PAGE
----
Let B ={v1, v2, ...,vm} be a basis for Rm. Suppose kvm is a linear combination of v1, v2, ...., vm-1 for somescalar k. What can be said about the possible value(s) of k? CoormaBak9 2021-01-31 Answered

Let $$\displaystyle{B}={\left\lbrace{v}{1},{v}{2},\ldots,{v}{m}\right\rbrace}$$ be a basis for $$R^{m}$$. Suppose kvm is a linear combination of $$v1, v2, \cdots, vm-1$$ for some scalar k. What can be said about the possible value(s) of k?

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k must be 0. For B to be a basis for $$R^{m}$$, it must be linearly independent. Scaling a set of vectors by a non-zero number has no effect on whether they are linearly independent or not because the directions don't change when you scale vectors.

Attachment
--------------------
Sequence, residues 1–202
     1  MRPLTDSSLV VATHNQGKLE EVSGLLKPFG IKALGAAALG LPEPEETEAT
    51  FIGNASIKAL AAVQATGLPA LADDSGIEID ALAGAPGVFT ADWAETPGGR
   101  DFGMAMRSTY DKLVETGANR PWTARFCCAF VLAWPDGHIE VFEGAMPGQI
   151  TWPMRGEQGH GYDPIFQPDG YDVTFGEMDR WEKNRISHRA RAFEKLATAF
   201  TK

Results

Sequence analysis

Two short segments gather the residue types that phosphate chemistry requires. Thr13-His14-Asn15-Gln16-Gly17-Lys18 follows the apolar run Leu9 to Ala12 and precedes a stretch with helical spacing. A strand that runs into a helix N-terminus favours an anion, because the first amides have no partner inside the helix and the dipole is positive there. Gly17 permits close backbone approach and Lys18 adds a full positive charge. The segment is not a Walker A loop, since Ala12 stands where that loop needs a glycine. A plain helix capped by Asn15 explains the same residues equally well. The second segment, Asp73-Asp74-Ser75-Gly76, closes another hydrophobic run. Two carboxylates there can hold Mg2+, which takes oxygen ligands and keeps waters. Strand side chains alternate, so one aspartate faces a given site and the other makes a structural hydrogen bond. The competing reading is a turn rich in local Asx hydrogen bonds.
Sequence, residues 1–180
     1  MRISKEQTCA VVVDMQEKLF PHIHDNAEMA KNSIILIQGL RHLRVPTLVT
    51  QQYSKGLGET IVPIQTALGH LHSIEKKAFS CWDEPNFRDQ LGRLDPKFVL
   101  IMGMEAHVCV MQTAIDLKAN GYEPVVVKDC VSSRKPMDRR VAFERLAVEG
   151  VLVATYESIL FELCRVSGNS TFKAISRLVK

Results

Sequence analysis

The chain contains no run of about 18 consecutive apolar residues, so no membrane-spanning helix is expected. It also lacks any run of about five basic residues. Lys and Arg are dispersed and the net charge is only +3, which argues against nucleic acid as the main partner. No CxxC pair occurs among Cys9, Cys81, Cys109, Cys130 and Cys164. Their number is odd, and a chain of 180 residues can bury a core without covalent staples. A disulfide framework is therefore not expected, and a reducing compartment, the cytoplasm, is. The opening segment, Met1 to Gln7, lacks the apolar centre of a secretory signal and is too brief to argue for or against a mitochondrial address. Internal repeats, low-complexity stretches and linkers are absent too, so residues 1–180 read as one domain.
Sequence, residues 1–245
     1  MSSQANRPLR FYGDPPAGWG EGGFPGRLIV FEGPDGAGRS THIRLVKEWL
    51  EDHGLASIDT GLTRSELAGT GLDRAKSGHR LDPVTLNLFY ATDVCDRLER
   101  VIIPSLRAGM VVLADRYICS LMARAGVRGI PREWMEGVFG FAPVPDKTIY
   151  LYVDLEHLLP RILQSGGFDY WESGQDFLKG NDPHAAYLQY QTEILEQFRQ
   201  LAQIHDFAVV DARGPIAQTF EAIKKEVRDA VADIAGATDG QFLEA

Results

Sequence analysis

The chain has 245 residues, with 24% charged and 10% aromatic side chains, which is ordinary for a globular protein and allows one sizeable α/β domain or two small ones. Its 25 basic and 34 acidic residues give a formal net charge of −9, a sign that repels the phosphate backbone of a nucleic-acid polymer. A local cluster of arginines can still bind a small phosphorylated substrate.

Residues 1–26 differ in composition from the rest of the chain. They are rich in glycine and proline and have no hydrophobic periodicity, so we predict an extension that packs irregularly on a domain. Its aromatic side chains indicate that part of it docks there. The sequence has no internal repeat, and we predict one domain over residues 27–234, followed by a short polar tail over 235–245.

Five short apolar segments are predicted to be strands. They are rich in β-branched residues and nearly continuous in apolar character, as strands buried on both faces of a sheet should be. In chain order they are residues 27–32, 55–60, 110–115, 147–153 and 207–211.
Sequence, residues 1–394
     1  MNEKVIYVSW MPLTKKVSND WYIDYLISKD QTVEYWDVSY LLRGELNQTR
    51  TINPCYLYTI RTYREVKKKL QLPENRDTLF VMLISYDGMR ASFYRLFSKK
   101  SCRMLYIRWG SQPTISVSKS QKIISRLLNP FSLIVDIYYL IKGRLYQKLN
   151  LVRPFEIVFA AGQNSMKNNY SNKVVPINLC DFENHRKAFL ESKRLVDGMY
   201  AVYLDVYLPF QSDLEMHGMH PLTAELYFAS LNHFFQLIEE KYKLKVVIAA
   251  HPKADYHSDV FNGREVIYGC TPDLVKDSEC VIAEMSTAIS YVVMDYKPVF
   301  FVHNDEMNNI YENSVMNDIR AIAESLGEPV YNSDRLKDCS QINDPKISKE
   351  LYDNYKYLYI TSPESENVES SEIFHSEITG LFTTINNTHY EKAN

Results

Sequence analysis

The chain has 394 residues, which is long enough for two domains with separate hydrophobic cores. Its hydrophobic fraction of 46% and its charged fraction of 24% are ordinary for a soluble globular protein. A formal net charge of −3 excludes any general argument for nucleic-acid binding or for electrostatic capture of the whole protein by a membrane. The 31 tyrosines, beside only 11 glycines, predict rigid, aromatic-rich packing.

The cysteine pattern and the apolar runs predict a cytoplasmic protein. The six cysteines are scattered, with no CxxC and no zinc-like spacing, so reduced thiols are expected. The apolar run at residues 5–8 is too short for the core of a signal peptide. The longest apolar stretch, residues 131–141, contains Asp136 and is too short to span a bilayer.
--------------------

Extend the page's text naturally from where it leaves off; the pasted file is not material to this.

However, when you scale a vector by the number 00, then you end up with the zero vector. And the zero vector is a linear combination of any collection of vectors you want. In particular,
$$\displaystyle{0}{v}{m}={0}={0}{v}{1}+{0}{v}{2}+⋯+{0}{v}{m}^{{−{1}}}$$
You'll likely need to prove or find the theorems from your book/ class that prove some of the statements I've made here (or really just that third sentence), but that's the general idea.